An Interview With a Professor: Amanda Driscoll

Amanda Driscoll is an associate professor in Political Science at Florida State University. I took her Introduction to Comparative Politics class in the fall semester of 2018 and found myself falling in love with politics all over again. In this interview, we speak about why she went into politics and education and what she wishes her students understood.

Her Campus (HC): What is your role at Florida State University?

Amanda Driscoll (AD): I'm an associate professor of Political Science. I was recently tenured.

HC: Why did you become a professor?

AD: I had always really loved school and university and my professors were some of the people that I most admired, but I think it was more of a decision when I was an undergraduate that I knew I wanted to get my graduate degree, my Ph.D. There was a lot about that process that I didn't know until I got into it. For example, I'm not a political scientist. I was not a political science undergraduate. It was only once I got into my Ph.D. program that I started studying political science. I had no idea what I was getting myself into, to be candid.

HC: What made you become interested in politics?

AD: I came into political science with an interest in the politics of Latin America. So, my undergraduate degree was in Spanish and Latin American studies, and that's what really motivated me. I knew I didn't want to get my Ph.D. in Spanish Literature, but I wanted to figure out how I could somehow study something relating to Latin America, and Political Science was one venue for doing that.

HC: How did your upbringing impact your decision to pursue a career in politics or education?

AD: Both of my parents are public school teachers, and I grew up overseas, and so that was how I got interested in studying politics and other cultures and how things work in other parts of the world. That's been part of how growing up overseas has shaped my worldview from the very, very beginning. When I was in high school, I studied abroad in Spain. So, that's how I learned how to speak Spanish, and then I came back and was a Spanish major. I double-majored in Spanish and Latin American studies. That was a very important point in my young life that has gotten me to where I am today.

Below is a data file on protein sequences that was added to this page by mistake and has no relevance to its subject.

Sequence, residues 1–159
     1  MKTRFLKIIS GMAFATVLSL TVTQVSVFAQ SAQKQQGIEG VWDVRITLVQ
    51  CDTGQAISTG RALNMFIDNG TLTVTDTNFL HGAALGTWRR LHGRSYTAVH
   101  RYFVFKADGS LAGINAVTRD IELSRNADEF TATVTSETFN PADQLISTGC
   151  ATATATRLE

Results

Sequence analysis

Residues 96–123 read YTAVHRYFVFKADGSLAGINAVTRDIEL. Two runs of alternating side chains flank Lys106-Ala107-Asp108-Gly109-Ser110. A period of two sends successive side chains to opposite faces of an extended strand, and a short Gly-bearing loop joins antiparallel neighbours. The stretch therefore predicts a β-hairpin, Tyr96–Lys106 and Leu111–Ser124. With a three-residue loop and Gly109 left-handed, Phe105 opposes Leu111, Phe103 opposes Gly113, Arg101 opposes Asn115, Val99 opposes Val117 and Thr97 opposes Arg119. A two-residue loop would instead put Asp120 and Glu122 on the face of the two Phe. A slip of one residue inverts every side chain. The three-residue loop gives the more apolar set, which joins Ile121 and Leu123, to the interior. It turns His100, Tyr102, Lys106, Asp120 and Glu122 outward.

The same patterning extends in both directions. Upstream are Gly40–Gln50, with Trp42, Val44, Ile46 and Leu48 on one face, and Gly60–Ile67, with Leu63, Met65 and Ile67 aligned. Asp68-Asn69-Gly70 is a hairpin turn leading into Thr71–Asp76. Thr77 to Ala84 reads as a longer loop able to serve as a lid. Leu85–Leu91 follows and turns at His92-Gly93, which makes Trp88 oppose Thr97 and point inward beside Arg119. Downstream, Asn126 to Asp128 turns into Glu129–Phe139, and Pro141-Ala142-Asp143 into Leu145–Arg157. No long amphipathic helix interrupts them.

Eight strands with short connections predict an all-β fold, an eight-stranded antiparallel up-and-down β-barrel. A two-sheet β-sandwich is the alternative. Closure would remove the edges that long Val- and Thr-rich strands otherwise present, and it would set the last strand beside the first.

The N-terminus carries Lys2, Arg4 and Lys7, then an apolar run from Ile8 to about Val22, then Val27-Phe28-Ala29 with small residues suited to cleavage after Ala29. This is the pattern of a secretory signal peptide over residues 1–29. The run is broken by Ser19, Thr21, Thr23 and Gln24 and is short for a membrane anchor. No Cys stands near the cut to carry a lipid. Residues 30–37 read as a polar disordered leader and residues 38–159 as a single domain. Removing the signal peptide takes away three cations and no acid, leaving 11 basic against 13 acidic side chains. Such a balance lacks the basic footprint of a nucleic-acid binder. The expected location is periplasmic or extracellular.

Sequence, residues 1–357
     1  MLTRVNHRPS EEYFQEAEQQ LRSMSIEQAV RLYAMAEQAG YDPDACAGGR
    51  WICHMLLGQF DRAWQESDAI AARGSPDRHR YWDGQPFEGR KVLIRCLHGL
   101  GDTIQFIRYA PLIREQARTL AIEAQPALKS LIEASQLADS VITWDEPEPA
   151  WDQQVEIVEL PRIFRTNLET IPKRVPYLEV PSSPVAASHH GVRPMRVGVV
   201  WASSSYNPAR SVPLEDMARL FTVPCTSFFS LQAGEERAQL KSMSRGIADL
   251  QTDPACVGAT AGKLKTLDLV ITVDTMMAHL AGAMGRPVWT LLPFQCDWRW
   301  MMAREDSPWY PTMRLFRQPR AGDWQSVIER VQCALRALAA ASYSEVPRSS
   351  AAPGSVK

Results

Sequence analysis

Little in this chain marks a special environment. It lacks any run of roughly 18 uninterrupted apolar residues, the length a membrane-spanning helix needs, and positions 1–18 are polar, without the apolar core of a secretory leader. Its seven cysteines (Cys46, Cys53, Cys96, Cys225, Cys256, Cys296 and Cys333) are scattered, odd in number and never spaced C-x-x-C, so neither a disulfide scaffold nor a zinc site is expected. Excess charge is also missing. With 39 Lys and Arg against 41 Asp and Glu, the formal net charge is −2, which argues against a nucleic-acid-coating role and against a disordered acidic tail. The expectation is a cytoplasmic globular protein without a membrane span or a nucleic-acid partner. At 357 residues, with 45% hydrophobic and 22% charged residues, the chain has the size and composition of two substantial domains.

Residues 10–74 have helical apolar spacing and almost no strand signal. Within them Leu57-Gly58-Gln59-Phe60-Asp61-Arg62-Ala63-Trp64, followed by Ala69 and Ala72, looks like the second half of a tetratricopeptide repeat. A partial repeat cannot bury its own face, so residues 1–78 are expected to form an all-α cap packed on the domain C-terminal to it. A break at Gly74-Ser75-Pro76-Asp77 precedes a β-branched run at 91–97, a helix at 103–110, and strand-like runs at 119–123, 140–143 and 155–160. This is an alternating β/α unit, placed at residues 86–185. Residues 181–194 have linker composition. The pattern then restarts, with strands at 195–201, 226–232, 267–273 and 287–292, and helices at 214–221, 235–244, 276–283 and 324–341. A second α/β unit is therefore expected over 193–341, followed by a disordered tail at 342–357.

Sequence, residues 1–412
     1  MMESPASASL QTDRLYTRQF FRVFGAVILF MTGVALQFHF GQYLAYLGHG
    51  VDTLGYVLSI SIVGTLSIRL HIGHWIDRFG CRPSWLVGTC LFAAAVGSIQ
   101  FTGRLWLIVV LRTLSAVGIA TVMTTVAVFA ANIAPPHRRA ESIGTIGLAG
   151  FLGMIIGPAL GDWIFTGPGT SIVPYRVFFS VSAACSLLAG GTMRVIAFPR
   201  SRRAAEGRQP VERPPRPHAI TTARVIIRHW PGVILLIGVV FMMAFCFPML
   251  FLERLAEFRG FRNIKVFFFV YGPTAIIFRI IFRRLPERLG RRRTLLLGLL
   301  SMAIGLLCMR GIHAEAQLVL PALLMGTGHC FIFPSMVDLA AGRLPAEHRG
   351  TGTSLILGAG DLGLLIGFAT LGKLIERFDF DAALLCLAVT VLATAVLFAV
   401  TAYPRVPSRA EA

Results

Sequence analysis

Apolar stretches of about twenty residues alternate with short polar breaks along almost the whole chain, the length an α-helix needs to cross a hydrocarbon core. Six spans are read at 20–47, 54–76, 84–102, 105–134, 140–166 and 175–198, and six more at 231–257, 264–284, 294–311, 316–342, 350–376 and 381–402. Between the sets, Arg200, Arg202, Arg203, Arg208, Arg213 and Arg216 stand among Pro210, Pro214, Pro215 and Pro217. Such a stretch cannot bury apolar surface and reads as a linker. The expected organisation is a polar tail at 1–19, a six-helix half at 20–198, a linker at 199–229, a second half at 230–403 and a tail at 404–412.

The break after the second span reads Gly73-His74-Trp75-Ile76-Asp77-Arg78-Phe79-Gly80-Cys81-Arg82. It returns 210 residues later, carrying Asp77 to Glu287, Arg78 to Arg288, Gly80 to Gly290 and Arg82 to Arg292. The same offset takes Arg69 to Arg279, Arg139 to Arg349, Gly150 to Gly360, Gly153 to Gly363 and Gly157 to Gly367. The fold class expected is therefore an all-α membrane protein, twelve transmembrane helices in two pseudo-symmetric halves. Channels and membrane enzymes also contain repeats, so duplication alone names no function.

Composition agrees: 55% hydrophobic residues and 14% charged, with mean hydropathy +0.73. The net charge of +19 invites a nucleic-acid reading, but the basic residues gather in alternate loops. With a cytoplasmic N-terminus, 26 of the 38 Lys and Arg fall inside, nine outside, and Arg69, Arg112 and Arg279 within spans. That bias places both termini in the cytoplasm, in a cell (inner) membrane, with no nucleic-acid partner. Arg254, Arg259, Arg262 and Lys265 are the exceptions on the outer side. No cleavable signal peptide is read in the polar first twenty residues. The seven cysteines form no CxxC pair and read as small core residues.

Courtesy: Amanda Driscoll

HC: What is something you wish students understood more about professors?

AD: I think, especially in Political Science classes, there's sometimes a concern that the professors are trying to get students to think about politics in a particular way or adopt a certain ideology, and that just couldn't be further from the truth. To be totally candid, me and my political opinions matter not at all to what we're doing in the classroom. What does matter is how we can use the tools of game theory to study the political world, or we can think really careful about causation and causality and how we can use the tools of social science to understand the political world.

HC: What is the most important piece of advice you can give to women who want to pursue a career in politics?

AD: Keep up the good work.

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